How do we learn from a network of ecosystems to reinvent knowledge management?

Behind the scenes: Our laundry line of notes on how to create a learning network that surfaces, shares, and even creates knowledge.
  • How do we follow the emergence and dynamism of individual labs in a network to understand if and where learning is being accelerated?
  • How do we maintain subsidiarity through distributed, independent operations and still create space for convergence in knowledge creation across a network like this?
  • What is this network learning?
  • How do we fill in its blind spots with what our (current and future) partners know?

What knowledge is being created in the network of labs?

Our network of social innovation labs seems to be creating a range of forms of knowledge. For the purpose of creating clarity, I’ll frame the four types we are focused on:

  • We generate experiential knowledge created on how to deploy a range of innovation methods: what is the most effective way to convene a hackathon? What are the benefits and limits of behavioral insights experiments? What does a data powered approach to positive deviance look like? This is an essential kind of knowledge as we test out and codify new ways of working within global development.
  • Our solutions mappers and their teams also generate forms of ethnographic evidence that unpack the practices, knowledge, and inventions of women and men who are innovating around problems they face in their communities. Inspired by the Grassroots Innovation Augmentation Network, we try to learn from frugal innovation to inform the design and delivery of development programmes.
  • As a sensory platform, we see and cultivate weak signals of change to understand the real time state of sustainable development. How is the pandemic unfolding and affecting people’s livelihoods? What does the future of work look like? Weak signals of change are a form of intelligence that this lab network creates.
  • And when we run experiments, we probe systems to see what effect our interventions make. Here we create and share experimental knowledge. This is where we are trying to learn how to document tests and probes so that practitioners across the world can pick up where another lab team left off, modifying to suit the contexts that make or break the utility of knowledge transfer.

The Network Learning Prototype

With these forms of knowledge on our radar, and knowing that what we are trying to tap into is constantly changing and evolving, we set out a roadmap. It goes like this, although not necessarily in linear fashion:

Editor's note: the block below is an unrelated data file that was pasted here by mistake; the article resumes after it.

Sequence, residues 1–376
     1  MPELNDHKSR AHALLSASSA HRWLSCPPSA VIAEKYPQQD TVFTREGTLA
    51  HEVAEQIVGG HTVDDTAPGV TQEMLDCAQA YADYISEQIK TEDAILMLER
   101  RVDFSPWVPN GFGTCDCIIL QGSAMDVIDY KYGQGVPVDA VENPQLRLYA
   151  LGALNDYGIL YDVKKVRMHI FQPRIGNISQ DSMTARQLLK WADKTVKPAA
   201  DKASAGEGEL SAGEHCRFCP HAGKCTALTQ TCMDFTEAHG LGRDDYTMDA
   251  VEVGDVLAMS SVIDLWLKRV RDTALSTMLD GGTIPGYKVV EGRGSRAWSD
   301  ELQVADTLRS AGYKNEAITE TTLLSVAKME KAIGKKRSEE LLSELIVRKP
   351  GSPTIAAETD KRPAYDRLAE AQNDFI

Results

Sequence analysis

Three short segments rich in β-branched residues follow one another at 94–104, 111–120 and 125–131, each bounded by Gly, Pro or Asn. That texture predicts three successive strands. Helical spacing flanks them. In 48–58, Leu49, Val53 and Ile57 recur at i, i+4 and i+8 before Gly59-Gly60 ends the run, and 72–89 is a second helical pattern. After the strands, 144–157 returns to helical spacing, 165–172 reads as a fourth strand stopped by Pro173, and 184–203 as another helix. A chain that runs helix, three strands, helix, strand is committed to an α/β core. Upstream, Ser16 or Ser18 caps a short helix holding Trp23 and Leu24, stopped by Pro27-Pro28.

• The labs reflect on their work in free form. We’re tapping into what the labs write as a start, though there are multiple forms of reflection and audio is probably next on deck.
  • Machines help us find the signposts. Given the massively distributed way of working across the network, we need some help from our [machine] friends to know where to look to find patterns in all the written reflections.
  • Humans read for patterns. We read the reflections the labs create and try to draw out insights, nuggets of learning, and patterns across the 91 lab teams.
  • We set an R&D priority and learning questions. Our first priority is to learn more about informal economic activity — we’re currently seeing that it doesn’t go away with GDP growth and needs some new approaches.
  • We convene ‘learning circles’ to explore learning questions.
  • We blend the experiential knowledge coming from the labs with the body of knowledge in research circles.

Seeing the synapses created by a network

In the early days of 2019, when our Lead Learning Designer Bas Leurs was onboarding new teams, we brought them together in bootcamps. I’ll never forget the message the Mexico lab team stuck on the wall of the bootcamp room on their way out the door after being the first to undergo our onboarding. As they were about to become the first ever Heads of Exploration, Experimentation, and Solutions Mapping in their country’s UNDP office, they wisely conveyed that what they needed more than advice from us at HQ was a network of others in the same position. They shared their phone numbers and set up Whatsapp groups for explorers, experimenters, and mappers.

Machines point to patterns. Then we explore learning questions

So the synapses of the global lab network are firing, but what are the patterns? This is where the humans get back into the game. We use the advanced search tools of lots of unstructured text reflections (blogs, reflections, Mural boards, etc.) to see patterns.

  • What perceptions and motivations drive informality?
  • Is there an unseen contribution to environmental sustainability that comes from the informal sector?
  • What does the rapid digitization brought on by the pandemic mean for informal entrepreneurship?
  • Is there a way to approach informality through hybrid policies that protects people from hazardous labor and taps into informality’s ingenuity at the same time?

What do we produce out of all of this?

Admittedly, we are doing two things at once, which comes with some exasperation at times! We’re testing out a network learning prototype that meets the needs of the 21st century by tapping into distributed and often tacit intelligence. And at the same time we are seeking insights related to our R&D priority: informality as part of sustainable development. In truth, it sometimes feels like we are hacking our way through a jungle, changing tools and directions pretty frequently.



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UNDP Accelerator Labs

UNDP Accelerator Labs

Building the world’s largest learning network around development challenges. 91 Labs in 115 countries.